5 Tips for Conducting Effective Meetings on the Jobsite
1. Come prepared and organized
Make the most out of every meeting you hold on the jobsite. By preparing ahead of time and organizing direct subject topics to cover during the meeting, you put your own time and your employees time to good use. When conducting meetings, try to avoid getting off topic or sidetracked from the main points you addressed. This should be an easy task to do if you prepare for meetings prior to conducting them. This way, your employees will take a serious and respectful approach to every meeting you conduct.
Organizing meetings efficiently could include bringing visuals such as charts or graphs to get your point across. Another tip would be sending out an email the night before a meeting that includes all the topics that will be discussed, this way employees are given a heads-up for what to expect before a meeting and also gives them a chance to prepare questions or comments if they have any.
2. Set the right tone
Setting the tone of a meeting emphasizes the mood you want to create is important because it defines how your employees are going to approach what you have to say. Conducting fun, not-so-serious meetings are just as important as a serious meeting with important topics. However, the tone of these meetings is completely different.
Having a balance of both is a healthy way for your employees to build respect for you as well as truly being able to enjoy working with you. Depending on what topics you are covering during each meeting, decide what tone would be the best suited to make it a successful session.
3. Listen to feedback from everyone
Communication between all employees is crucial, regardless of who has the most authority. Being effective in communicating with one another is extremely important to the success of any construction project and the overall atmosphere of the workplace.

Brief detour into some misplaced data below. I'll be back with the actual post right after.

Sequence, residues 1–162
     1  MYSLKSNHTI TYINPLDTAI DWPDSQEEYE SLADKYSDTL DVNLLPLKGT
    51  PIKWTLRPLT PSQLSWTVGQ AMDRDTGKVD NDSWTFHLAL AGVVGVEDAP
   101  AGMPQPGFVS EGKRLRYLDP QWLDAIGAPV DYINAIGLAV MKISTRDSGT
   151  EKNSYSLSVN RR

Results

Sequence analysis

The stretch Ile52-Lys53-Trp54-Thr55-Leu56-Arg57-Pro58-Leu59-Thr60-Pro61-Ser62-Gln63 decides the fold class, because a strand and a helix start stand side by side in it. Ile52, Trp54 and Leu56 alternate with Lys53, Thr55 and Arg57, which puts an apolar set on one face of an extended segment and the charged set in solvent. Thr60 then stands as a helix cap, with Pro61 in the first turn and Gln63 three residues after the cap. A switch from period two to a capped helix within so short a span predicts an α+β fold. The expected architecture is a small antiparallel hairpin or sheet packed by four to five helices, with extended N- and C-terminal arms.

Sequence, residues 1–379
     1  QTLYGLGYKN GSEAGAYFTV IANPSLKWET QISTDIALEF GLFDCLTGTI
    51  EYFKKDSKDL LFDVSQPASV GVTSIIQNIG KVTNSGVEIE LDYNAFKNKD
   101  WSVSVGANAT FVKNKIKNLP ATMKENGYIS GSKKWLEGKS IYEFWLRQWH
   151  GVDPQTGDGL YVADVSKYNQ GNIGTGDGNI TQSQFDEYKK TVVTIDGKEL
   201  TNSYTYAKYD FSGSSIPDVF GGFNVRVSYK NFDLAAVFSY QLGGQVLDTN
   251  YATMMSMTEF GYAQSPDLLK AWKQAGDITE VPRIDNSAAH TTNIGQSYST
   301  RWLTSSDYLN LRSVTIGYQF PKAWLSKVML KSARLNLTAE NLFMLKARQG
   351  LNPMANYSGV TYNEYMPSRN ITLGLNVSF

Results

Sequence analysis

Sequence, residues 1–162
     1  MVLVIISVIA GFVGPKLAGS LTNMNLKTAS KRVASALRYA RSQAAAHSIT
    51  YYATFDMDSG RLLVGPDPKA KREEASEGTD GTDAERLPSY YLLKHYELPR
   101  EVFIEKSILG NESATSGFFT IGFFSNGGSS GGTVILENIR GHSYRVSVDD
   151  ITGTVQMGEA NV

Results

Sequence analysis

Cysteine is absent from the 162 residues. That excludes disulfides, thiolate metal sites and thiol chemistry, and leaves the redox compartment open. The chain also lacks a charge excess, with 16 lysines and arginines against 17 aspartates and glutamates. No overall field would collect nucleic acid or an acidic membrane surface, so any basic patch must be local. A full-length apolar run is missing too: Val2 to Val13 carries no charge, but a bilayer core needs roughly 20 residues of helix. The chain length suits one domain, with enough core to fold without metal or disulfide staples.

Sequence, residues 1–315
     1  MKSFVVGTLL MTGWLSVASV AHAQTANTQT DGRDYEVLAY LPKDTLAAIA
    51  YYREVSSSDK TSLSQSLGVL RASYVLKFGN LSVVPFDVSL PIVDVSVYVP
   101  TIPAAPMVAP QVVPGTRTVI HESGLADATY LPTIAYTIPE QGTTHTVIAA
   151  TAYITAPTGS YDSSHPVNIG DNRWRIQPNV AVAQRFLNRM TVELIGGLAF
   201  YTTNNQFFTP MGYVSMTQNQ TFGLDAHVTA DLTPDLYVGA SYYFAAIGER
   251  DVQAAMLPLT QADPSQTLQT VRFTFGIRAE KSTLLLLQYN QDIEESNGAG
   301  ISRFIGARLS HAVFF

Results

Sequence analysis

Taking time to effectively listen to thoughts and feedback from employees during meetings is important so that everyone knows their roles and responsibilities in completing the project at hand. Create an atmosphere for employees to feel comfortable asking questions, or share their thoughts and ideas with the group. Being an active listener to others when they have the floor will cause others to attentively listen to you when you are giving important instructions or discussing meeting topics.
Make sure there is no uncertainty when concluding a meeting, this saves time having to email clarifying emails later on to those who were not completely understanding of the topics discussed.
4. Deal with conflict appropriately
Conflict can be avoidable in many cases; however, it is important to be prepared for it when a problem arises during a meeting. Conflict can be caused by many different reasons, sometimes conducting a meeting means having to deliver bad news. It is important to not appear fazed by conflict in a situation where it may arise.
A good approach to conflict is emotional sensitivity and empathy, as every person responds to conflict differently so it is always best to handle conflicting issues in private with the employees involved. If in a situation where an argument escalates, try to give all involved parties time to cool off before calmly addressing the situation and finding a solution to the problem.
5. Create a penalty for absence
Meetings are important because they establish what is expected of all employees on each project. If someone skips out on a meeting, it may result in them slacking on their responsibilities. Others should not have to pick up the slack of those who are not clear of their objective. Whatever penalty you choose for those not attending meetings, enforce these penalties by stating them clearly in an email to your entire staff as well as including them in the general job requirements. Penalties for absence is not strictly meant to punish, it drives motivation for all employees to attend meetings and take them seriously.
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